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“You must exit your home”: SpaceX launch is bad news for locals

Starhopper rocket is seen before SpaceX performs an untethered test of the company's Raptor engine mounted on it at their facility in Boca Chica, near Brownsville, Texas, U.S.
REUTERS/Veronica G. Cardenas
The SpaceX Starhopper is ready for another test. Are nearby residents?
By Daniel Wolfe
Published Last updated This article is more than 2 years old.

Ahead of SpaceX’s experimental rocket launch Monday (Aug. 26), police warned nearby residents to leave their homes around launch time because the windows could shatter, according to the Brownsville Herald.

Those residents live in tiny Boca Chica Village, Texas, which sits less than 2 miles (3 km) from a SpaceX-operated launch site near the US-Mexico border along the Gulf Coast. SpaceX’s test of the so-called “Starhopper”—a prototype of a reusable shuttle meant for human transit—may well create an “overpressure event” capable of breaking glass in buildings nearby. The police-delivered warnings advise residents to, at a minimum, exit their homes when they hear police sirens around the 4pm launch window.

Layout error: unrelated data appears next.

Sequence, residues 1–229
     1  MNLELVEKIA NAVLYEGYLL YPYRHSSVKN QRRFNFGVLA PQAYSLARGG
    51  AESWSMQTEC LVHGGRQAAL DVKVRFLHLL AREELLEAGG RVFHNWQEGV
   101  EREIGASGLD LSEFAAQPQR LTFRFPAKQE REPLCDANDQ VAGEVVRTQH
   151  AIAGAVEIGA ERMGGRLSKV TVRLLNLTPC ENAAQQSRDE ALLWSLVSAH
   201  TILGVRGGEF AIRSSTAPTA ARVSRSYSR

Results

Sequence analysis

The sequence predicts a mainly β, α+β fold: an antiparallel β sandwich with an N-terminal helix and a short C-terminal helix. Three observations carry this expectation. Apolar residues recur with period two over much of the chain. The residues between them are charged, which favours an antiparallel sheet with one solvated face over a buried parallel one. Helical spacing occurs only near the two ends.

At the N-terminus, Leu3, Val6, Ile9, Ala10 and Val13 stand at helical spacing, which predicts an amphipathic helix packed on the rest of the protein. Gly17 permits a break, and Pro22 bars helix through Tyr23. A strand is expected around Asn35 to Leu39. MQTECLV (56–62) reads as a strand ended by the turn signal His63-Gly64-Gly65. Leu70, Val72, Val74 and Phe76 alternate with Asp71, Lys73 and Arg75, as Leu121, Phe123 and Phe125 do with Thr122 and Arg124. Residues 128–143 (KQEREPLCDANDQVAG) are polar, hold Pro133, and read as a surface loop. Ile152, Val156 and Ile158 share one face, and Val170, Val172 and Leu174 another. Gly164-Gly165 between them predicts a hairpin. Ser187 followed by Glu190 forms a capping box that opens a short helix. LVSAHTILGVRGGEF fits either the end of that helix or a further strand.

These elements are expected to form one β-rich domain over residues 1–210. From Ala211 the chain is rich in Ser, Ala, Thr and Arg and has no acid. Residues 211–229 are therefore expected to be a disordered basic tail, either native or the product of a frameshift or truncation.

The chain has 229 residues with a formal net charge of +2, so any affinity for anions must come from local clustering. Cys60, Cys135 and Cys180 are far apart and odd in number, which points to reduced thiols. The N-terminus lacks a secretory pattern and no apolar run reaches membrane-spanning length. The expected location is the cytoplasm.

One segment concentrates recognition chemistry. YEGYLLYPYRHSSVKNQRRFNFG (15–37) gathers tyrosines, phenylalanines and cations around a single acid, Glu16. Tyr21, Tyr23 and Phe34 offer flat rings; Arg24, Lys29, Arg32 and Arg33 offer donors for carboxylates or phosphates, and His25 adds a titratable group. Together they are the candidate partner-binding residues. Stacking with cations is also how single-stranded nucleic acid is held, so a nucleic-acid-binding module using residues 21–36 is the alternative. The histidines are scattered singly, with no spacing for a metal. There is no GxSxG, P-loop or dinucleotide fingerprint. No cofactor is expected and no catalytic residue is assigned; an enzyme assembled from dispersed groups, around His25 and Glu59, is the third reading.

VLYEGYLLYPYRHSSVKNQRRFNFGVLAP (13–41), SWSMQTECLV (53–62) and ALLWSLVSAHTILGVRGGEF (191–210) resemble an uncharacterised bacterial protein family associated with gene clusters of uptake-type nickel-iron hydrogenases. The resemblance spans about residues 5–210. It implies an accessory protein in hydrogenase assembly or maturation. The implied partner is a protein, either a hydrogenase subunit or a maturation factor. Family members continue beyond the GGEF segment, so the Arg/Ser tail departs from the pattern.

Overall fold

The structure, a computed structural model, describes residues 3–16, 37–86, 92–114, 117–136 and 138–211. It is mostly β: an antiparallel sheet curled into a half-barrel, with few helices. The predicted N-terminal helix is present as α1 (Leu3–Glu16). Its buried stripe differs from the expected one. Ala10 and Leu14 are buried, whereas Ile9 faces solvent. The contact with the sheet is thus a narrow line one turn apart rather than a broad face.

Comments posted under the Brownsville Herald article include, “Doesn’t sound good to me that they have to evacuate their homes all because Space X is testing” and “I think spacex should be prepared to pay for the window replacements.”

In addition to the alerts, local law enforcement announced planned road closures on the only highway available to nearby residents, and to an area beach.

The warning also reads in part, “it is recommended that you consider temporarily vacating yourself, other occupants, and pets, from the area during the Space Flight Activities.”

In July, SpaceX launched the Starhopper for the first time, from the same site. Flaming debris from that operation led to brush fires that spread across about 100 acres.

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